Tuesday, February 11, 2014
I'm going to be sharing these three very different approaches to landscape (each drawn from novels). I now share them with you. What do you learn from them? What do they teach you about possibilities?
First, from the courageous first novel (River of Dust) from the dear Virginia Pye, this evocation of a dusty province in China, 100 years ago:
On springtime mornings like those, when the rain had finally stopped, they waded out toward the creek that had been rising for days. From farms upstream floated all manner of tires, cut logs, old boots, and once a bloated cow, swirling in an eddy until it was skewered by the limbs of a fallen tree.
Now a snatch of London from Asunder, by the amazing Chloe Aridjis:
The dusk of Millbank had filled with the amber lozenges of unoccupied black cabs, miners with lantern-strapped foreheads rushing towards or away from the city centre, as I made my way to meet Daniel at the Drunken Duck, a pub a few streets from Tate Britain.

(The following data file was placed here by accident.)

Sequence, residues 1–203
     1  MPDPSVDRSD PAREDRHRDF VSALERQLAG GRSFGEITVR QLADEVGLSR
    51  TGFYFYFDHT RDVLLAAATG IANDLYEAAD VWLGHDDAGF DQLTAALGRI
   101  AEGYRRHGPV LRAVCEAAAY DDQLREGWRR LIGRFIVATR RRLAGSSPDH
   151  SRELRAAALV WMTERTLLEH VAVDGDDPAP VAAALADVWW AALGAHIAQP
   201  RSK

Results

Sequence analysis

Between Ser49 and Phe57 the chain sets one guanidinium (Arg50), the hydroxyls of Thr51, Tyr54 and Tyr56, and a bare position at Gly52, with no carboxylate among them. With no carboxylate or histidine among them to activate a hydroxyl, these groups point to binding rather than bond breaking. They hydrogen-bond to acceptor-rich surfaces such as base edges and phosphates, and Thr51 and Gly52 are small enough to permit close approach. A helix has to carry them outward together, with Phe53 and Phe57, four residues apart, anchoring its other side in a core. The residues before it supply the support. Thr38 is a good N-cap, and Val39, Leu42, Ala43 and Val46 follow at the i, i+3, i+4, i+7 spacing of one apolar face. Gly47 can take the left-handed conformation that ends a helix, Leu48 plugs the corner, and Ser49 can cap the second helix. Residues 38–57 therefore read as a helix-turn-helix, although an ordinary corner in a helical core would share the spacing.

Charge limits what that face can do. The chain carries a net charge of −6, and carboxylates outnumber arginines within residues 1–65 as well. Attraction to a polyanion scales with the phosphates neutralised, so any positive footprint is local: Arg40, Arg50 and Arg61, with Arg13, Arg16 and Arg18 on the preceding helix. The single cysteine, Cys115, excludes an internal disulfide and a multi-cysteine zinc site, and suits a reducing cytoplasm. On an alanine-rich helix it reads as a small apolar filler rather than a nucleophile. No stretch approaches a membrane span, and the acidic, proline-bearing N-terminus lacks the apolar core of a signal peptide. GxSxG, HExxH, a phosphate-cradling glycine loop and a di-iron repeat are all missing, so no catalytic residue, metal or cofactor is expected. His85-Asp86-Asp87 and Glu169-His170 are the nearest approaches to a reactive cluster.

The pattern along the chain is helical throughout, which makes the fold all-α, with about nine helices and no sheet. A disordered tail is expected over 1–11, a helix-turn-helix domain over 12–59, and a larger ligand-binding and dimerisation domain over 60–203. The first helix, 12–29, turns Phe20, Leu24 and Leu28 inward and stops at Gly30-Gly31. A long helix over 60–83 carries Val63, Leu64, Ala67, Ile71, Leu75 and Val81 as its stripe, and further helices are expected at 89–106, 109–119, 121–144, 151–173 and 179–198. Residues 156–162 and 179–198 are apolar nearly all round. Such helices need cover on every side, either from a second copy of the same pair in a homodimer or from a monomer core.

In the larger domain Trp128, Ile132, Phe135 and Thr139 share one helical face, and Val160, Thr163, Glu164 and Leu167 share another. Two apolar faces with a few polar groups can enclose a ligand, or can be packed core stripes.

And now from my friend, Vaddey Ratner—words originating from Cambodia, from the deservedly bestselling In the Shadow of the Banyan:
In the courtyard something stirred. I peered down and saw Old Boy come out to water the gardens. He walked like a shadow; his steps made no sound. He picked up the hose and filled the lotus pond until the water flowed over the rim. He sprayed the gardenias and orchids. He sprinkled the jasmines. He trimmed the torch gingers and gathered their red flame-like blossoms into a bouquet, which he tied with a piece of vine and then set aside, as he continued working. Butterflies of all colors hovered around him as if he were a tree stalk and his straw hat a giant yellow blossom.